I've been following the trend for about a decade and now believe it's finally ready for prime time. I've loosely grouped the world into five primary data sets so far and am following big data very closely as companies grow into "it."

  1. Intelligence, reconnaissance and surveillance
  2. Networked data and systems
  3. Security and communications
  4. Command and control.
  5. Preserve and explain

And I've identified a slew of companies in a variety of industries that I believe will capitalize on the big data equation.

The march to profits will dwarf the Internet Age which was merely a warm up enabler.

Here are three mainstream choices to get you started.

First up - Symantec Corporation (NASDAQ: SYMC)

The c ompany is undergoing restructuring amid turbulent times, but still seems destined to extend its reach.

Symantec is primarily known as a data security company for the individual PC user as well as large corporations. But with the rise of big data it's going to be known as a big company security platform a few years from now.

The company is going under a large reorganization campaign where it is weeding out a lot of the redundancies and refocusing its efforts. Published reports suggest the company is slashing 8% of its global workforce as I type.

Symantec expects to redeploy resources to the storage and server management segments, which have now surpassed its security sector and in its most recent quarter accounted for 36% or $2.5 billion in sales.

Second up - Acxiom Corporation (NASDAQ: ACXM)

Acxiom is a little known company with a market cap of $1.8 billion which can, however, boast about having some very well-known clients. Wells Fargo, E*Trade, Toyota, and Macy's are just a few using Acxiom's stealthy services. What Acxiom does for these big players is both astonishing and scary.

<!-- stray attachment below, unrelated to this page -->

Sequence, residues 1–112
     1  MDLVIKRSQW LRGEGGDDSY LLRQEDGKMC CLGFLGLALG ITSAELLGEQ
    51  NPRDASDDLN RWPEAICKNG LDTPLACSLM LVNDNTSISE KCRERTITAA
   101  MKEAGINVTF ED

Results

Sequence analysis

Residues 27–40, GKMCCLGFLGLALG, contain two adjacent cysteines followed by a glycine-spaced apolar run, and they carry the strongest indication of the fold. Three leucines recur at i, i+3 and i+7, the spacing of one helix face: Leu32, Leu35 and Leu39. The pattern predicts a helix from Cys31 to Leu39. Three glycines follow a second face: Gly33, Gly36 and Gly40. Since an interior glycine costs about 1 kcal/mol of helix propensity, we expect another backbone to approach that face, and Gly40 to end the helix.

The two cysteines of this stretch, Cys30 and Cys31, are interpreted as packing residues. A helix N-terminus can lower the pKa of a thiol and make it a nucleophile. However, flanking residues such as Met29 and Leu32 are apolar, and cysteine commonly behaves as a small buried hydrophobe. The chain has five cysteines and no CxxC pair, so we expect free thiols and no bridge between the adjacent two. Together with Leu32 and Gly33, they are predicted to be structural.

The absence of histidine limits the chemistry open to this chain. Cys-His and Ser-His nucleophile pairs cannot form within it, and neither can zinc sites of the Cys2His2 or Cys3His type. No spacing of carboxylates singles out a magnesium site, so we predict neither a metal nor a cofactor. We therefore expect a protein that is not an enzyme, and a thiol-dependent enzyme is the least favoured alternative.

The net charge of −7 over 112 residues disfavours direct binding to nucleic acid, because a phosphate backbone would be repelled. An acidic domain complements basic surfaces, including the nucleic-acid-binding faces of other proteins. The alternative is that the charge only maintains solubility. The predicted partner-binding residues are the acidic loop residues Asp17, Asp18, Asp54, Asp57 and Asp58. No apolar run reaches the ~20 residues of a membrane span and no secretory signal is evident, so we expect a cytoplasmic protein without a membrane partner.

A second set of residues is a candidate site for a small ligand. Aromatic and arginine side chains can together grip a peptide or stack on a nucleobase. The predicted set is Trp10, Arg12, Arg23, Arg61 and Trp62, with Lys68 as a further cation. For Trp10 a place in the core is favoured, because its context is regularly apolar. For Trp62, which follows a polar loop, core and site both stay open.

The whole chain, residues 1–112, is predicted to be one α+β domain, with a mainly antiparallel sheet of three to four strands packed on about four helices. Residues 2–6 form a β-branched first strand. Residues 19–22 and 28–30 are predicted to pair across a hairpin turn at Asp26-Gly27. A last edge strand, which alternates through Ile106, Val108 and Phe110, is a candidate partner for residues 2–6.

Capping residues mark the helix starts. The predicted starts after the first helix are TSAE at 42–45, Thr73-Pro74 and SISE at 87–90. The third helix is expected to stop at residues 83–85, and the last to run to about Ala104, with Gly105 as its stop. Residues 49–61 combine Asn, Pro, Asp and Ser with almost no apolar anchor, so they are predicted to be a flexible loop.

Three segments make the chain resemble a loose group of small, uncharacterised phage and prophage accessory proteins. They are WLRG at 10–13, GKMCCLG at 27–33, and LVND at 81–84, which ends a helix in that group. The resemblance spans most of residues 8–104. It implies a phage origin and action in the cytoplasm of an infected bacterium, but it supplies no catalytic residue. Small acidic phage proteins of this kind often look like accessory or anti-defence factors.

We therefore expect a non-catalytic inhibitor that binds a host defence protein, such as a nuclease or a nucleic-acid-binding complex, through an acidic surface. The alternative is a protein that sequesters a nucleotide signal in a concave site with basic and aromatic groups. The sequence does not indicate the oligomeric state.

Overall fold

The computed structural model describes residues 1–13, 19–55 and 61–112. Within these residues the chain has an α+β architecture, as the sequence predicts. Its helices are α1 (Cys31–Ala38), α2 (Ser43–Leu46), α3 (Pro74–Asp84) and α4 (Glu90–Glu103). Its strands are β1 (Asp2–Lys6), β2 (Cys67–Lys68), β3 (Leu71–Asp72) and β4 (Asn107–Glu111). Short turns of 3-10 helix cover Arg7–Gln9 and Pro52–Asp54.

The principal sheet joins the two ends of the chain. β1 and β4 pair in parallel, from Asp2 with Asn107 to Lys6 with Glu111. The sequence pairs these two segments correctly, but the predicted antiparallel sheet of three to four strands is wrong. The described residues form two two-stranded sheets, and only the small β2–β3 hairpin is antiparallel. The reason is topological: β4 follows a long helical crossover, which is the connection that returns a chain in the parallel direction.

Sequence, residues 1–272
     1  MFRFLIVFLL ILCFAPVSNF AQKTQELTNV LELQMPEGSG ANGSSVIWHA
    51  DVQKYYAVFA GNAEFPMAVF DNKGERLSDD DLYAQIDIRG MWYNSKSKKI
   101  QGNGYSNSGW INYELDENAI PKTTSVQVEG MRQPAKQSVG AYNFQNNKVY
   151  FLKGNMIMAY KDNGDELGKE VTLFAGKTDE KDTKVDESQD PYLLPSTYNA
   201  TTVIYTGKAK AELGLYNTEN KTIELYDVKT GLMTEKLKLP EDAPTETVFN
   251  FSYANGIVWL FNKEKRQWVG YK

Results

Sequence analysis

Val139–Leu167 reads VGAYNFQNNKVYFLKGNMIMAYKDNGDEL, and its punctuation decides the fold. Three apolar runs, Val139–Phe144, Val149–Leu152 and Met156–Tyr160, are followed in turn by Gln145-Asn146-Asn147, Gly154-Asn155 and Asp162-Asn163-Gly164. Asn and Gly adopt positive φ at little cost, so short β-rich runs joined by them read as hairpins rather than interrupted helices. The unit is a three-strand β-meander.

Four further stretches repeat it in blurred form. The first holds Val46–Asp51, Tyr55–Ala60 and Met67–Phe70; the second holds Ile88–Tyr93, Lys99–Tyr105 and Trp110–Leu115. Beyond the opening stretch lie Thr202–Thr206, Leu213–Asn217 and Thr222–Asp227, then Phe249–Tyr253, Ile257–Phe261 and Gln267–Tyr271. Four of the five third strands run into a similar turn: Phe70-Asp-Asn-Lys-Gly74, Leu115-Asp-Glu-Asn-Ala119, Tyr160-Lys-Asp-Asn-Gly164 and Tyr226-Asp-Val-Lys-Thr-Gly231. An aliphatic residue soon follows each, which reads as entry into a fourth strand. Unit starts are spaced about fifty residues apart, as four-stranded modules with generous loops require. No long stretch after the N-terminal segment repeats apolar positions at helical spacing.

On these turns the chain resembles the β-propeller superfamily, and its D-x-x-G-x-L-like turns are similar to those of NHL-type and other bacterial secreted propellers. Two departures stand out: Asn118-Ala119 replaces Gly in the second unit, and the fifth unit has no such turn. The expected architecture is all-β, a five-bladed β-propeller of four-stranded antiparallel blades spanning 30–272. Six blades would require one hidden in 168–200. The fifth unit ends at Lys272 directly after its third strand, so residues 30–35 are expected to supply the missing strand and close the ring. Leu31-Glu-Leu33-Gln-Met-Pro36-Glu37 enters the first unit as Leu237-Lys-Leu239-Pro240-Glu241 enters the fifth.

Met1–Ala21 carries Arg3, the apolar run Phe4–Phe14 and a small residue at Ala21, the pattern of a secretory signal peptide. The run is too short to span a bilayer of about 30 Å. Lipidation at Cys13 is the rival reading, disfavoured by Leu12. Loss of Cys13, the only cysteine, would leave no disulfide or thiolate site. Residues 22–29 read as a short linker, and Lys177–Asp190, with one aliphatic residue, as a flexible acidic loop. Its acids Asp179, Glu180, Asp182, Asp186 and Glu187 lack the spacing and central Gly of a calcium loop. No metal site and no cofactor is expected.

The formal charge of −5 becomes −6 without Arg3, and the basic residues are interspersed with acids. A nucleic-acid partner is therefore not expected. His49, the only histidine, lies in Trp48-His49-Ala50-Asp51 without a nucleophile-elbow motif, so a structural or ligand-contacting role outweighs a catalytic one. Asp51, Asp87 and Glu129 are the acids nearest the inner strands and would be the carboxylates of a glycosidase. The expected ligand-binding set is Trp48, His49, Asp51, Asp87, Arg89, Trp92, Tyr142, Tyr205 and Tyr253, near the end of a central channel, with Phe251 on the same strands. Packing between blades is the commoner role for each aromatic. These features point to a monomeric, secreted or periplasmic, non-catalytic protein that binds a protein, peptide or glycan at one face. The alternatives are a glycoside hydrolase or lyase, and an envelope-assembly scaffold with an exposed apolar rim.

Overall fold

Many claim Acxiom may have the world's largest commercial database on consumers. This database contains information on 500 million consumers worldwide where each person has archived approximately 1,500 data points. If true, this makes MIT's Immersion exercise look like a child's toy.

That's a lot of info on your habits, purchases, likes and dislikes. Any savvy marketing department would be very well served by Acxiom's ability to garner such delicate insight into its customers. Acxiom is able to put together advanced individual profiles on all of our online, mobile and even offline selves.

Realizing that is still on the cusp of a future technology where it can predict consumer behavior, the c ompany is looking for more brain power in the form of recruiting away talent from the big boys - Microsoft, Google and Amazon.

Is anybody thinking of moving to a deserted island yet? Yeesh...

Third up - ADT Corporation (NYSE: ADT)

Perhaps the idea of having all your information floating around in cyberspace has you thinking about some protection and privacy. Your data is long gone and there's nothing you can do about it. The Snowden issue is but one tiny sliver of what's already out there.